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Fuel prices and plane ticket prices | It’s only a matter of time before the rises

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If the past is indicative of the future, travelers are about to take the hit from soaring jet fuel prices, especially since many airlines have yet to do anything to mitigate the impact of this rise in black gold.

On at least three occasions over the past decade, there has been a correlation between jet fuel prices and ticket prices, we can see by analyzing data from the Index Mundi website (fuel prices) and from the airline company Cirium (prices of plane tickets).

“We have seen this many times,” says aviation expert and lecturer at McGill University John Gradek, who also spent 18 years at Air Canada, where he was notably head of pricing. Surplus is always determined by the impact a price increase will have on demand. »

For example, in the first six months of 2015, the price of jet fuel – the main expense for airlines – increased by around 16%. During that period, the average one-way price for an international flight from Canada jumped 23%, to about $405, according to Cirium.


This price does not take into account taxes and other charges, such as taxes and fees, which contribute to raising the price of a ticket. This is also an average. The prices could therefore vary according to the destination.

Crude prices have soared in the wake of sanctions imposed on Russia since the start of its attack on Ukraine. The price of a barrel of jet fuel has jumped 27.5% since February to reach US$141.70, according to the International Air Transport Association (IATA).

“We expect travel prices to be high for the summer due to demand and more limited capacity as well as additional pressure from rising fuel prices,” observes Paul Jacobs, Managing Director and Vice -president for North America at Kayak, in an email.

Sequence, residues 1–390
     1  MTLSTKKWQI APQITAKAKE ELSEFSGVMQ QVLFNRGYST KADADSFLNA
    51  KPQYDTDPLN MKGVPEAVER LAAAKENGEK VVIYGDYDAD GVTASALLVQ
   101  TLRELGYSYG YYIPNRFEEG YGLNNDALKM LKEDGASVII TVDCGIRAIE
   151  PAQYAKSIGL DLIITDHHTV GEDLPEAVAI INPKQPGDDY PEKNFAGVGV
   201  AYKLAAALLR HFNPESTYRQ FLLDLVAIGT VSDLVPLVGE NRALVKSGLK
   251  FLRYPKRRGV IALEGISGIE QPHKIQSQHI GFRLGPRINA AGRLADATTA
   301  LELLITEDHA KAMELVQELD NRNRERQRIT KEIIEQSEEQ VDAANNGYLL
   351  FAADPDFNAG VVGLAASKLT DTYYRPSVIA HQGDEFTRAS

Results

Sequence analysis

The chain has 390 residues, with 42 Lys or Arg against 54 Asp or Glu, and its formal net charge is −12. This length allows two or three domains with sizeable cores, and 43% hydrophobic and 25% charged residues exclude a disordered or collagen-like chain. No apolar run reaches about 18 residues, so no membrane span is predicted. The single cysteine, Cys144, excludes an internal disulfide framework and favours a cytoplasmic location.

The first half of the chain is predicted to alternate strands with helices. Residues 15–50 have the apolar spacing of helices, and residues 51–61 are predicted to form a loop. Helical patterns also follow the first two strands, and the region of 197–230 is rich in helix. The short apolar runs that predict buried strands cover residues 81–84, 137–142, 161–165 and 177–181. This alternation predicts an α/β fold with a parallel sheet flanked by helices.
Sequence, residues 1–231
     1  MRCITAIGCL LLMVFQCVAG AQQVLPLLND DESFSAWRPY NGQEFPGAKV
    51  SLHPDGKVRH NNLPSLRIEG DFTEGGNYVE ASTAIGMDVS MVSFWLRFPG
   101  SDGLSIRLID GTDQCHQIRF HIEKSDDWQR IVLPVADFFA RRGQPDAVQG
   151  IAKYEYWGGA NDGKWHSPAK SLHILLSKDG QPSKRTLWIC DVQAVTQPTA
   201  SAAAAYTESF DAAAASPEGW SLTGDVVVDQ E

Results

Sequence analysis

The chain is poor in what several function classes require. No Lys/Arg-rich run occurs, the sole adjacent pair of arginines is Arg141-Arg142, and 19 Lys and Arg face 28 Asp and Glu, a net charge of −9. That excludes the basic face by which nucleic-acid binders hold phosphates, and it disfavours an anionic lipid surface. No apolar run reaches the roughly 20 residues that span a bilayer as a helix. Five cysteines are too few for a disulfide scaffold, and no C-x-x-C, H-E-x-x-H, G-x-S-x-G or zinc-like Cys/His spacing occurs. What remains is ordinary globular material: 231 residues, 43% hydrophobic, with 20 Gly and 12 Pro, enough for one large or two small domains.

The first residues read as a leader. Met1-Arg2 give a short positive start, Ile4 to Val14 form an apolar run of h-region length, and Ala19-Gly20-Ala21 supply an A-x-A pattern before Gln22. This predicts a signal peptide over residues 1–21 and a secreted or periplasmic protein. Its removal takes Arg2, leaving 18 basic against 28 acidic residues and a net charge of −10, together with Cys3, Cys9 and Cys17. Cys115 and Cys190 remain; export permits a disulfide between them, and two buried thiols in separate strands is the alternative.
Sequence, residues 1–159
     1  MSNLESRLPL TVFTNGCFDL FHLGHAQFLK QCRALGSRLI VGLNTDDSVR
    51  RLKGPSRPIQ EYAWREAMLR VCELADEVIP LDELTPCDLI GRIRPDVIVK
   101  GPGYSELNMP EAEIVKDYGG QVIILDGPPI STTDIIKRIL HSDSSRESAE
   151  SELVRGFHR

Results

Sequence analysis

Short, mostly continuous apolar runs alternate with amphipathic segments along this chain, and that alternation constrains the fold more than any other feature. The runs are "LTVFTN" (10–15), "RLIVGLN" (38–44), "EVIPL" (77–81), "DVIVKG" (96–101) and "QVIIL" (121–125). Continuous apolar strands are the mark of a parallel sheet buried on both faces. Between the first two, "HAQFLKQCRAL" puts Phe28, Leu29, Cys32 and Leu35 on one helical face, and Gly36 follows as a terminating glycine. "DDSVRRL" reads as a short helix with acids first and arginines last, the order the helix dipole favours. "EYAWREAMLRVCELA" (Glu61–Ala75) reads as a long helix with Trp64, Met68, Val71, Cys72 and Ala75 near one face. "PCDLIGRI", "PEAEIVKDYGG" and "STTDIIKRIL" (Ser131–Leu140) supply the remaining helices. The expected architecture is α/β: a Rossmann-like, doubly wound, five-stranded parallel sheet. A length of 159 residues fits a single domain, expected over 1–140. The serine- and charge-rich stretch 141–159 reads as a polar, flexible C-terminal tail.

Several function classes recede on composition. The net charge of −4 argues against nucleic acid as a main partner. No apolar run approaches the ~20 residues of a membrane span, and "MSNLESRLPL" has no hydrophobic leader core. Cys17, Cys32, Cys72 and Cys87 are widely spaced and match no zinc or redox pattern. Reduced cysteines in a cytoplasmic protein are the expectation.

According to information provided by the travel search site, ticket prices to some international destinations – which have not been specified – have already increased by 36% compared to 2019.

After two years of pandemic, the taste for travel is likely to be there among customers, which could encourage carriers to pass on them a good part of the increase in crude prices, believes Mr. Gradek.


“The market can handle a little bigger upside,” he said. Everyone wants to travel. Airlines know this. »

For airlines, which are trying to recover from the health crisis, the situation is far from ideal. Soaring crude prices, combined with geopolitical uncertainty due to the Ukrainian crisis, could dampen the enthusiasm of carriers to add capacity.

Different strategies

Air Canada did not respond on Monday to questions from The Press. At Transat AT, a fuel surcharge is “something that is likely to happen,” according to its spokesperson Christophe Hennebelle. At WestJet, there are no “for now” increases.

To mitigate volatility, some airlines opt for hedging strategies. These consist of fixing the price of fuel at a certain level through futures contracts or other financial instruments. This reduces the impact of energy jolts.

Despite the uncertainty of recent weeks, Transat AT and WestJet have still not deployed this strategy, as has Air Canada as of December 31.

“I think the companies are crossing their fingers that the increase is temporary,” says Mr. Gradek. But with the situation [en Ukraine] which is deteriorating every day, there is no respite. Attitudes will surely change. »


According to the specialized site SimpleFlying, American Airlines, Delta Air Lines and United Airlines – three of the main American carriers – had also opted for the status quo. Conversely, Air France/KLM covered around 65% of its fuel expenses for the second quarter, according to Reuters. Elsewhere in the world, Lufthansa, Singapore Airlines and Cathay Pacific have followed suit.

But hedging strategies are a double-edged sword. If crude prices rebalance quickly, companies may find themselves paying more for some of their fuel because of their hedging strategy.

Each option has advantages and disadvantages. The fact remains that a marked rise in the price of black gold causes price increases, whether hedging strategy or not.

Learn more

  • 5%
    Carriers with fuel hedges will need to raise their ticket prices by about 5% to maintain their margins, according to Moody’s.

    source: Moody’s



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